Ischgl, an Austrian ski resort, has achieved tragic international fame: hundreds of tourists are believed to have contracted the coronavirus there and taken it home with them. The Tyrolean state government is now facing serious criticism.
The village of Ischgl in Tyrol is one of Austria’s most popular ski resorts. The village of 1,600 inhabitants is surrounded by magnificent mountains, whose perfectly groomed slopes attract winter sports enthusiasts from all over the world.
Renowned musicians like Lenny Kravitz and SEEED have already played here, and two new chairlifts were opened at this year’s start of the season. Everything spoke for another magnificent winter in the ski paradise.
But then the coronavirus came to Ischgl, and was able to spread there unhindered. International ski tourists became infected and brought the virus back home.
Ischgl is now facing a lawsuit by over 2,500 skiers for knowingly exposing them to the coronavirus. As of March 19, roughly 40 percent of Norway’s coronavirus cases could be traced back to the Austrian resort, as well as cases in Germany, Sweden, and Denmark.
The blame is now being laid at the door of the Tyrolean state government for failing to respond to international warnings in time. But Health State Councillor Bernhard Tilg (ÖVP) emphasised in a television interview that the authorities had “done everything right”.
Warnings from Iceland ignored
Icelandic authorities had already declared Ischgl a risk area on 5 March, on a par with Wuhan or Iran. However, it took nine days for the Austrian government to take measures to isolate the area.
The Icelandic warning was issued after returning Ischgl vacationers tested positive for the coronavirus.
Franz Katzgraber, Director of the Tyrolean Regional Health Service, responded by stating that “from a medical point of view, it is unlikely that infections have occurred in Tyrol.” Instead, he put forward the thesis that the Icelanders contracted the disease from another air passenger, a person returning from Italy.
This sick fellow passenger actually existed. Nevertheless, Icelandic authorities decided to take this step on 5 March, and Tyrol decided to continue the lively skiing. But more and more corona cases with Ischgl-Konnex followed. Alarmed by the Icelandic decision, Norway began testing returnees from Tyrol. The result was available on 8 March: out of 1,198 infected, 491 had the virus from Austria, mainly from Tyrol.
In the meantime, there was also a confirmed infection in Ischgl itself. On the evening of 7 March, a 36-year-old German was tested positive. He worked as a bartender in a popular après-ski bar, packed with tourists from all over the world every evening. The diagnosis came two days after Iceland’s classification of Ischgl as a risk area and one day before Norway’s announcement of the Tyrol infections.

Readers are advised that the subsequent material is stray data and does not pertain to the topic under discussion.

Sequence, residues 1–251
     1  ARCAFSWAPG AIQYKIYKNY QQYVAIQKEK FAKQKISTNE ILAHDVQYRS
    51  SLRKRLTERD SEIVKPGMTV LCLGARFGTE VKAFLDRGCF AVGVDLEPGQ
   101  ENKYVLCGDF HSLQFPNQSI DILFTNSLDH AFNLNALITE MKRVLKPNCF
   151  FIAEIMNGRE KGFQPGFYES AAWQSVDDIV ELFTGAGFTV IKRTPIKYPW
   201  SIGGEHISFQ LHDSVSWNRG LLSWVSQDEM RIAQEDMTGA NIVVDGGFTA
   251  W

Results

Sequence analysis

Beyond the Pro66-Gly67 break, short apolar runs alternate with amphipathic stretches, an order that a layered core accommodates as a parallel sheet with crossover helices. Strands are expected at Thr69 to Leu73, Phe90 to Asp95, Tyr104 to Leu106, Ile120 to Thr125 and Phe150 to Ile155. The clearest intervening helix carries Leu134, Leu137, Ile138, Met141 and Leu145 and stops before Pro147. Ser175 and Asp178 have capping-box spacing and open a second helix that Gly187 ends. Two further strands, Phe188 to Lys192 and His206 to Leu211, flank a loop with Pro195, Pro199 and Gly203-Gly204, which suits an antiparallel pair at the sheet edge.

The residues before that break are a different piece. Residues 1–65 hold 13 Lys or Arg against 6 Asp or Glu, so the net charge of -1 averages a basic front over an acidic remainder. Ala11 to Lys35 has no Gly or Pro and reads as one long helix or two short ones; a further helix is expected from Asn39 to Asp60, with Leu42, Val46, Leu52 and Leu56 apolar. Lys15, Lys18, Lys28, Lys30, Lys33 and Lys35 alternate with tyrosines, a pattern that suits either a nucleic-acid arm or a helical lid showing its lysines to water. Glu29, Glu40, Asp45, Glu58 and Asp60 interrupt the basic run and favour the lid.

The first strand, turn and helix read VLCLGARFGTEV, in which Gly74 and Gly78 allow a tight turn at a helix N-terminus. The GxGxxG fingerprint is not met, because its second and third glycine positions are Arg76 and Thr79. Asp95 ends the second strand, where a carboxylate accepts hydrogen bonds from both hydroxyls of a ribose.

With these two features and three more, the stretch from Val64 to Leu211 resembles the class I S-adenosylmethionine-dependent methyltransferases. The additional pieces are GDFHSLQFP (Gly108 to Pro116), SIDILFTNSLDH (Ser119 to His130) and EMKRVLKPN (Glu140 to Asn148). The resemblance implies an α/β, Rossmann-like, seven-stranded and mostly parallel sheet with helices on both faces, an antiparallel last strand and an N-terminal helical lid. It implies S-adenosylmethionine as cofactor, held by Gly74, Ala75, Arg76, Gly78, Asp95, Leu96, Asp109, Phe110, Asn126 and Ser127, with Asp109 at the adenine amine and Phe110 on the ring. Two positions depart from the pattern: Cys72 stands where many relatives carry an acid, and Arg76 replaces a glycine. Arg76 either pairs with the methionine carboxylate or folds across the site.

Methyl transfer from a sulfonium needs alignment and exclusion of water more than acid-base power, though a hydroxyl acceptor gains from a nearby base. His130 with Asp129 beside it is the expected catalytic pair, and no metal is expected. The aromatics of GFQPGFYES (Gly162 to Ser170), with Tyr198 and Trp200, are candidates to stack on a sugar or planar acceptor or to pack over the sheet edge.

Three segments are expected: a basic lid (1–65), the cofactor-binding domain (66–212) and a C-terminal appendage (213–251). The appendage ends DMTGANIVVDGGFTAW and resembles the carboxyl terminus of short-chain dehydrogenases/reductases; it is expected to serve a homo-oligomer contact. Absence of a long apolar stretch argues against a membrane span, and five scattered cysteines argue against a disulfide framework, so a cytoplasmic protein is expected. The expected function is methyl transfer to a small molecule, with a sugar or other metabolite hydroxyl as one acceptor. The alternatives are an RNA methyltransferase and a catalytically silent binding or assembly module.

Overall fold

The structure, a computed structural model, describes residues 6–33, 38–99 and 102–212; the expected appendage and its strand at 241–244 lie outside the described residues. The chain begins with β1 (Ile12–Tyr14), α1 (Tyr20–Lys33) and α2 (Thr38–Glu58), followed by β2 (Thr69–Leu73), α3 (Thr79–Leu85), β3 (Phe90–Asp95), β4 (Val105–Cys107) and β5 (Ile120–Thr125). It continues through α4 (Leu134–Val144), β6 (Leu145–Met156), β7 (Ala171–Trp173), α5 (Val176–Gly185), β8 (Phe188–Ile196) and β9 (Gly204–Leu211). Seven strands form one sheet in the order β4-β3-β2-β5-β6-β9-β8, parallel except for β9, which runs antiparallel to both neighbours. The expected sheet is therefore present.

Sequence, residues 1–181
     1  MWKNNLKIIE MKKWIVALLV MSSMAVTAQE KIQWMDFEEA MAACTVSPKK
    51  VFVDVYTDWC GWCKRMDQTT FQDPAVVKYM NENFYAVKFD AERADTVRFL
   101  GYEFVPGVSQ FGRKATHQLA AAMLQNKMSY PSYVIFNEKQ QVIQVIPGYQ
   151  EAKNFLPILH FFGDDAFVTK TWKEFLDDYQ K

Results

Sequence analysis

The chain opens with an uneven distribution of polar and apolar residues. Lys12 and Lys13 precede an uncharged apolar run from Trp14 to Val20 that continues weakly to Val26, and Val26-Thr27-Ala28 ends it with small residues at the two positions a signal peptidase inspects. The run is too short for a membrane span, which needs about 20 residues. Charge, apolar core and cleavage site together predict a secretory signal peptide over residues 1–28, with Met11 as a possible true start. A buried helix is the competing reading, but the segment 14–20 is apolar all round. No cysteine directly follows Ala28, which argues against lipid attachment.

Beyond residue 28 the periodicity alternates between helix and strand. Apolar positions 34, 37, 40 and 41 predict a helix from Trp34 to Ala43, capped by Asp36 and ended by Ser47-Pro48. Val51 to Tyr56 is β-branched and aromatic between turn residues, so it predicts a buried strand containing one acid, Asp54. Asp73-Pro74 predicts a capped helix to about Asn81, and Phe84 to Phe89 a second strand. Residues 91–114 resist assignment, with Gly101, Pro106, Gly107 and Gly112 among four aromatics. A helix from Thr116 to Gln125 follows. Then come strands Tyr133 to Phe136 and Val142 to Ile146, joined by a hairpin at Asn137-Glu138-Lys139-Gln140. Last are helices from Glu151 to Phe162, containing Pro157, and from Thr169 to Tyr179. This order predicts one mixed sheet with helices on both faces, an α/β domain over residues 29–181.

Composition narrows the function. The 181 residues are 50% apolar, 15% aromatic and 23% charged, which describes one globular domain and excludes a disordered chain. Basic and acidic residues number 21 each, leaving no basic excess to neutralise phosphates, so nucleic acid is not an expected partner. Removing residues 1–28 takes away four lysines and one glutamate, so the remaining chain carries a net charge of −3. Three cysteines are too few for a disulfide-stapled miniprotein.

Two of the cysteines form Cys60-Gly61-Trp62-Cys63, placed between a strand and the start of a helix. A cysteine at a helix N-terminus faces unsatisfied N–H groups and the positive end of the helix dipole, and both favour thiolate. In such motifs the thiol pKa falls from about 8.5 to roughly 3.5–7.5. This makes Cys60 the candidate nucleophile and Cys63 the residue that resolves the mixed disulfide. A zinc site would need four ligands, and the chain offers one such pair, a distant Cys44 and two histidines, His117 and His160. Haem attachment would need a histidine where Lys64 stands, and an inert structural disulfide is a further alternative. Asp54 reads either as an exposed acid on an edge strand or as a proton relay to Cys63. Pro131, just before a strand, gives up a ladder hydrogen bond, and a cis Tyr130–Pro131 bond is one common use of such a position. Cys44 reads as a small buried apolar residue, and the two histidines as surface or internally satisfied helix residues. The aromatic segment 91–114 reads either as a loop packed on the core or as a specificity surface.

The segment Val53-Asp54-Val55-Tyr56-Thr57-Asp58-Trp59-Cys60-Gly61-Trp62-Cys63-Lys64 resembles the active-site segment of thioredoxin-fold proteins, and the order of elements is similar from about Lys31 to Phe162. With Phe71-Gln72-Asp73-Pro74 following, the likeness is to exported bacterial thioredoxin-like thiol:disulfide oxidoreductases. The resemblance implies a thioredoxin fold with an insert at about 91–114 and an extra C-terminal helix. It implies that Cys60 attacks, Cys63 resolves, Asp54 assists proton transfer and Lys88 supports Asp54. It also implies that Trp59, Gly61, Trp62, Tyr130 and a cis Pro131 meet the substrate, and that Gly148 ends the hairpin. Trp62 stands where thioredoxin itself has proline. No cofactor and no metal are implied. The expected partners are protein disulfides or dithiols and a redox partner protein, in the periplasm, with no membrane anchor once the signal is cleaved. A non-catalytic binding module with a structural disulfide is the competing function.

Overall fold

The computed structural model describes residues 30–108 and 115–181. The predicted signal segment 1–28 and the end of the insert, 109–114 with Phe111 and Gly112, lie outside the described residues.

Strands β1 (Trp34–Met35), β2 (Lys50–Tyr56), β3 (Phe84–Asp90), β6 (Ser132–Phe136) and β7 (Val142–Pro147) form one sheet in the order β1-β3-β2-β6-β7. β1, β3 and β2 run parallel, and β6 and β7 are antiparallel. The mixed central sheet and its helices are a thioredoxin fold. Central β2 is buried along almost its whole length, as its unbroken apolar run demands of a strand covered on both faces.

The next day the Tyrolean state government declared that a transmission to guests of the bar was “rather unlikely from a medical point of view.” The next day, 15 people from the barkeeper’s circle tested positive, and the provincial government made a rhetorical U-turn: It could “not be excluded that there is a connection to some of the people who tested positive in Iceland.”
The bar was closed on 10 March. But the ski operations continued on 7 and 8 March, when the infections of the bartender and his acquaintances were already known.
In the following week, the diagnoses increased in Tyrol, the province became the corona hotspot of Austria, where the virus spread the fastest. Some communities were put under quarantine, but others, which were right next door, were not.
Authorities “did everything right”
On the evening of 16 March, the state government of Tyrol had a chance of explaining its behaviour during a TV show. Bernhard Tilg, State Councillor for Health, was a guest on Austria’s most important news programme via video link. But he only stressed again and again that the authorities had done everything right without answering the questions from the moderator, Armin Wolf.
The accusations against the provincial government grew louder, and opposition parties are now demanding the resignation of State Health Councilor Tilg.
Two days later, on March 18th, provincial governor Günther Platter (ÖVP) finally decreed a lockdown throughout Tyrol. Since then, no one has been allowed to leave their homes without good reason.
Apart from Iceland and Norway, other European countries have reported cases of COVID-19 from returning Ischgl vacationers, including Denmark and Germany.
Manfred Lucha, Minister of Social Affairs of Baden-Württemberg from the Greens, even said: “Our problem is not Iran, but Ischgl.” Harsh words for a place that is still one of the most beautiful skiing areas in Austria.
(Edited by Frédéric Simon)